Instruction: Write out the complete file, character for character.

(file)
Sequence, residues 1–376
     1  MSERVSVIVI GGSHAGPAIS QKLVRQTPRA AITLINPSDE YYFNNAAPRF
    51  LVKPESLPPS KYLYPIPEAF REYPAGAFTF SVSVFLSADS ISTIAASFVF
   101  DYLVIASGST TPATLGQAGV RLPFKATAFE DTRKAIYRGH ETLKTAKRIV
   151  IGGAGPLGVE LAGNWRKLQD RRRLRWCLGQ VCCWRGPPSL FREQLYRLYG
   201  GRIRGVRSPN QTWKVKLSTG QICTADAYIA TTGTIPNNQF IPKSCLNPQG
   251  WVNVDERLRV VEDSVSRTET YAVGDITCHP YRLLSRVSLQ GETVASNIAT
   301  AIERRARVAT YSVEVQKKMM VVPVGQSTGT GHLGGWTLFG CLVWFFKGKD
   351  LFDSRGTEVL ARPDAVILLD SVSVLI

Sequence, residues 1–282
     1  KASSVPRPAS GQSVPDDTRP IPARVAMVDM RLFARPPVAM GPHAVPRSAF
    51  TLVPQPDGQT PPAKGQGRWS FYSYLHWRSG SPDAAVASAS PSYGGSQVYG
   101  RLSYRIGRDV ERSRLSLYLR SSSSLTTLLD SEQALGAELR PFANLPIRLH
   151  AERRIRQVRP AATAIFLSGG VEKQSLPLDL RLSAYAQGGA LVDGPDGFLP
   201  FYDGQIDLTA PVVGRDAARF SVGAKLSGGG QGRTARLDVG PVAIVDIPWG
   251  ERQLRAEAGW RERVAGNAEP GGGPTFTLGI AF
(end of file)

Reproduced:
Sequence, residues 1–376
     1  MSERVSVIVI GGSHAGPAIS QKLVRQTPRA AITLINPSDE YYFNNAAPRF
    51  LVKPESLPPS KYLYPIPEAF REYPAGAFTF SVSVFLSADS ISTIAASFVF
   101  DYLVIASGST TPATLGQAGV RLPFKATAFE DTRKAIYRGH ETLKTAKRIV
   151  IGGAGPLGVE LAGNWRKLQD RRRLRWCLGQ VCCWRGPPSL FREQLYRLYG
   201  GRIRGVRSPN QTWKVKLSTG QICTADAYIA TTGTIPNNQF IPKSCLNPQG
   251  WVNVDERLRV VEDSVSRTET YAVGDITCHP YRLLSRVSLQ GETVASNIAT
   301  AIERRARVAT YSVEVQKKMM VVPVGQSTGT GHLGGWTLFG CLVWFFKGKD
   351  LFDSRGTEVL ARPDAVILLD SVSVLI

Sequence, residues 1–282
     1  KASSVPRPAS GQSVPDDTRP IPARVAMVDM RLFARPPVAM GPHAVPRSAF
    51  TLVPQPDGQT PPAKGQGRWS FYSYLHWRSG SPDAAVASAS PSYGGSQVYG
   101  RLSYRIGRDV ERSRLSLYLR SSSSLTTLLD SEQALGAELR PFANLPIRLH
   151  AERRIRQVRP AATAIFLSGG VEKQSLPLDL RLSAYAQGGA LVDGPDGFLP
   201  FYDGQIDLTA PVVGRDAARF SVGAKLSGGG QGRTARLDVG PVAIVDIPWG
   251  ERQLRAEAGW RERVAGNAEP GGGPTFTLGI AF